“When We Were Twins”
Plamen Press
Danuta Hinc, Principal Lecturer of English

The novel follows the paths of once-inseparable twins Taher and Aisha after the USSR invades Afghanistan.

“Foundations of Information Law”
ALA Neal-Schuman
Paul Jaeger, Professor of Information Studies; Jonathan Lazar, Professor of Information Studies; Ursula Gorham, Senior Lecturer of Information Studies; and Natalie Greene Taylor Ph.D. ’15

Serving as both an accessible introduction for library and information science students and a reference for current practitioners, this book offers an incisive examination of the numerous ways in which law about information directly impacts the roles of information professionals and information institutions.

“The Study of Bilingual Language Processing”
Oxford University Press
Nan Jiang, Professor of Second Language Acquisition

The first book-length account of research into bilingual language processing explores research in key topics such as cross-language priming and code switching, and demonstrates the theoretical significance and real-world practical implications of research into bilingual language processing

“The Two-Parent Privilege: How Americans Stopped Getting Married and Started Falling Behind”
The University of Chicago Press
Melissa S. Kearney, Neil Moskowitz Professor of Economics

Kearney makes a provocative, data-driven case for marriage by showing how the institution’s decline has led to a host of economic woes—problems that have fractured American society and rendered vulnerable populations even more vulnerable.

“Hillary Clinton's Career in Speeches: The Promises and Perils of Women's Rhetorical Adaptivity”
Michigan State University Press
Shawn Parry-Giles, Professor and Chair, Department of Communication; David S Kaufer and Xizhen Cai

The authors combine statistical text-mining methods with close reading to analyze the rhetorical highs and lows of one of the most successful political women in U.S. history.

“The State and Capitalism in China”
Cambridge University Press
Margaret M. Pearson, Professor of Government and Politics; Meg Rithmire; and Kellee Tsai

Part of the series “Elements in Politics and Society in East Asia,” this book situates China's reform-era political economy in comparative analytic perspective with attention to adaptations of its model over time.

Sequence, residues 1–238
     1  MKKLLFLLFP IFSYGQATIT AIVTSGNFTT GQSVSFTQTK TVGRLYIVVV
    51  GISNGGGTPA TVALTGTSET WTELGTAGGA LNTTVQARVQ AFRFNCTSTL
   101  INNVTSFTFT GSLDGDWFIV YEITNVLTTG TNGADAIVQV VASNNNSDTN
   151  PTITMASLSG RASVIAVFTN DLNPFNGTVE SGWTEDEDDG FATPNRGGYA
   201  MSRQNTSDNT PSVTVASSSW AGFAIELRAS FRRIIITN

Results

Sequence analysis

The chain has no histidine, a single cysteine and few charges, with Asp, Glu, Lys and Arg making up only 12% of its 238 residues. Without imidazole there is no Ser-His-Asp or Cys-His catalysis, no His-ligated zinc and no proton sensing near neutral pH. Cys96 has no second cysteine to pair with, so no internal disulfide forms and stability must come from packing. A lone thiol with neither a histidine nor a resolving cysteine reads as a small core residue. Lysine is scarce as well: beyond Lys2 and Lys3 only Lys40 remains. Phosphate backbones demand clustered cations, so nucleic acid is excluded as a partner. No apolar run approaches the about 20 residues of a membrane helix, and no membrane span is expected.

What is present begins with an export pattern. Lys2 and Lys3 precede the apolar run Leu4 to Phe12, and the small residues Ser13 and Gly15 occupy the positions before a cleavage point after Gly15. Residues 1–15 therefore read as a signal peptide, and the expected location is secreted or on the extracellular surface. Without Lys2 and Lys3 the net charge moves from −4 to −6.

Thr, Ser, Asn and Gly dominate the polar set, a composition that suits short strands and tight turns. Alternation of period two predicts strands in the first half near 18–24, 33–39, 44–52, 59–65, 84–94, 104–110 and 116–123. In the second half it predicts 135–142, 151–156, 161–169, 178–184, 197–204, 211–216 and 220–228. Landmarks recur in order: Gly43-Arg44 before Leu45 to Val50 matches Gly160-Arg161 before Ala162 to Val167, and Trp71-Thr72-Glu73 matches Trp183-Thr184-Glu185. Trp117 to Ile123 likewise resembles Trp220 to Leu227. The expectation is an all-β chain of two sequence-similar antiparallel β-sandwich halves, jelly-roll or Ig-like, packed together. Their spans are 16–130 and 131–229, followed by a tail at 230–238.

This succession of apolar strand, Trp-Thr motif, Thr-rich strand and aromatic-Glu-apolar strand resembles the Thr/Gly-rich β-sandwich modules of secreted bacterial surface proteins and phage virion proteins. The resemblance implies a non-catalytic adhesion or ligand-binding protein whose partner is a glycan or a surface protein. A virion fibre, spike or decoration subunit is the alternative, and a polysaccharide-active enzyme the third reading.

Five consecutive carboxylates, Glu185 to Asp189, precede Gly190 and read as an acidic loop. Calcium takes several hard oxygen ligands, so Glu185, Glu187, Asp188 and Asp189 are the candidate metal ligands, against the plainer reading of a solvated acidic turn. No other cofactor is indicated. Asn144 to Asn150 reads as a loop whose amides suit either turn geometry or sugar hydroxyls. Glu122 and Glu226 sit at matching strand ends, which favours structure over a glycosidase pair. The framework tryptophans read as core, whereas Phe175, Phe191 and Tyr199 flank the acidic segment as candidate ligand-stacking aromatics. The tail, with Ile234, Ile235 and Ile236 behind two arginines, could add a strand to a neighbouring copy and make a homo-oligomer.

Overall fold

“The Ruined Anthracite: Historical Trauma in Coal-Mining Communities”
University of Illinois Press
Paul Shackel, Professor of Anthropology

This study of the coal industry in northeastern Pennsylvania combines archaeology, documentary research, and oral history to render the ongoing human cost of environmental devastation and unchecked capitalism.

“A Is for Arson: A History of Vandalism in American Education”
Cornell University Press
Campbell F. Scribner, Associate Professor of Education Policy

Scribner delves into the motivations behind school vandalism, which costs U.S. taxpayers more than $600 million every year and can interfere with students’ learning and sense of safety.

“Doing Black Digital Humanities with Radical Intentionality: A Practical Guide”
Routledge Taylor & Francis Group
Catherine Knight Steele, Associate Professor of Communication; Jessica H. Lu Ph.D. ’18; and Kevin C. Winstead Ph.D. ’19

The authors, all part of the African American Digital Humanities Initiative at UMD, center Black scholars, Black thought and Black studies in creating digital research and programming.

“Rooted and Radiant: Women’s Narratives of Leadership”
Information Age Publishing
Trisha Teig, Teaching Assistant Professor of Leadership Studies; Brittany Devies, Program Manager for Leadership Studies and Development; and Rebecca Shetty

The narratives of 39 women navigating the process of leadership seek to honor the unique experiences of the narrative authors while also challenging the dominant stories of the leadership process.